It has long been a desire for some television programs to broadcast coverage of live table games. However, a major limitation and disadvantage of games using playing cards is that, depending on the rules of the game being played, a number of playing cards are dealt face down or are discarded by either the dealer or the players throughout the hand. This makes it impossible for broadcasters to supply the audience with background information, “color commentary”, or the like during lulls in the action. By way of example, since the rank and suit of the face-down or discarded playing cards is not generally known, it is impossible to accurately calculate win percentages of each player's hand. Thus, there have been relatively few live broadcasts of games using playing cards.

Rather than broadcasting the game live, the camera crews record the game as it progresses, including manually recording each card dealt, the amount or amounts of each bet made, and each individual player's action. These recordings are sent to a production studio for post-production processing. The production studio generates graphic images representing various aspects of the game, such as the cards held by each player, the amount bet, and the win percentage for each player's hand.

Some attempts have been made to streamline the recording process to expedite the post-production process. For example, some in the prior art have recorded card game action using video cameras mounted in the cushion which surrounds the table playing surface, a well as cameras mounted above the table. This approach is disadvantaged by the fact that the rank and suit of cards dealt face-down, whether dealt to a player or discarded by either a player or the dealer, cannot be determined through the use of an overhead camera, and is available to the cushion-mounted cameras only when the player lifts the cards from the playing surface to determine his hand. Even when the player lifts his cards from the table, it is possible that the suit and rank of the top cards in the hand may not be visible to the camera, as they may be covered by the lower card or cards of the hand. Discarded cards are typically not lifted from the table, and the rank and suit of the discarded playing cards remains unknown. This information must be gathered at the end of the hand if it is to be supplied to the post-production team.

SUMMARY OF THE INVENTION

What is need is a system and methods through which game play information can be monitored and collected in or near real time, thus allowing broadcasters to provide live coverage of playing card games. Accordingly, the present invention is directed to an automated playing card identification system for games using playing cards that substantially obviates one or more of the problems due to limitations and disadvantages of the related art. The invention addresses the limitations present in the prior art and provides a means of automatically determining the rank and suit of all cards dealt or discarded. This allows accurate calculation of potential win percentages and the generation of virtually instantaneous graphics images and statistical information for use in live television broadcasts.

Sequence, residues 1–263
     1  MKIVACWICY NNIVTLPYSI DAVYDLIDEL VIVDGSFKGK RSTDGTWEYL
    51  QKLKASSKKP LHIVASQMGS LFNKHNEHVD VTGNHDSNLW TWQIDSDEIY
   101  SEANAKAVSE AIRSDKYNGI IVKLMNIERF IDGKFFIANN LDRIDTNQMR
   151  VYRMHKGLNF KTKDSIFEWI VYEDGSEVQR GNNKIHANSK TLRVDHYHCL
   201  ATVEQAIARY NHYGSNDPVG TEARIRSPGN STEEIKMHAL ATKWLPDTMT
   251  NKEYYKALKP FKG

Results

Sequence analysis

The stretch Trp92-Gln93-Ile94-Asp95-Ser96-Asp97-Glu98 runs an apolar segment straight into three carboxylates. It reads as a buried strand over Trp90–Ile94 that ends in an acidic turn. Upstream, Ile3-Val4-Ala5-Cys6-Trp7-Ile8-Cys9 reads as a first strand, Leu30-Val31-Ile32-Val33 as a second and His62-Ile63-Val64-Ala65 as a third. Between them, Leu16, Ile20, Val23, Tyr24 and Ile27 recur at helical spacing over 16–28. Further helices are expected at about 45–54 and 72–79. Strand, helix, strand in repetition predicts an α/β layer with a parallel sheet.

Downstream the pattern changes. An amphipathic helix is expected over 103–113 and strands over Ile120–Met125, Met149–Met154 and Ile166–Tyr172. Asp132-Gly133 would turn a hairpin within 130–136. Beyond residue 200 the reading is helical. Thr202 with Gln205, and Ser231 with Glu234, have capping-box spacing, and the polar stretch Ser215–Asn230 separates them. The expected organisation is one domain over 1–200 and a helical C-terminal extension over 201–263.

An object of the present invention is to provide systems and methods for the automatic recognition of playing cards for casino-type card games. Additional features and advantages of the invention will be set forth in the description which follows, and in part will be apparent from the description, or may be learned by practice of the invention. The objectives and other advantages of the invention will be realized and attained by the structure particularly pointed out in the written description and claims hereof as well as the appended drawings.

To achieve these and other advantages and in accordance with the purpose of the present invention, as embodied and broadly described, in one aspect of the present invention there is provided an automatic card-recognition system, an electronic card data processor or processors which allow automatic collection, storage and hand ranking of historic and current card and player information, and statistical entry, analysis and retrieval systems.

In another aspect of the present invention there is provided embedded radio-frequency identification tags or other wirelessly pollable tags to provide a unique identification serial number for each card in the playing card deck or decks, or computer-generated barcode information printed on the back of each playing card; and a plurality of radio-frequency identification readers, built into the game playing surface, and being controlled to provide automatic identification of playing cards dealt or played, or at least one barcode scanner to provide the same function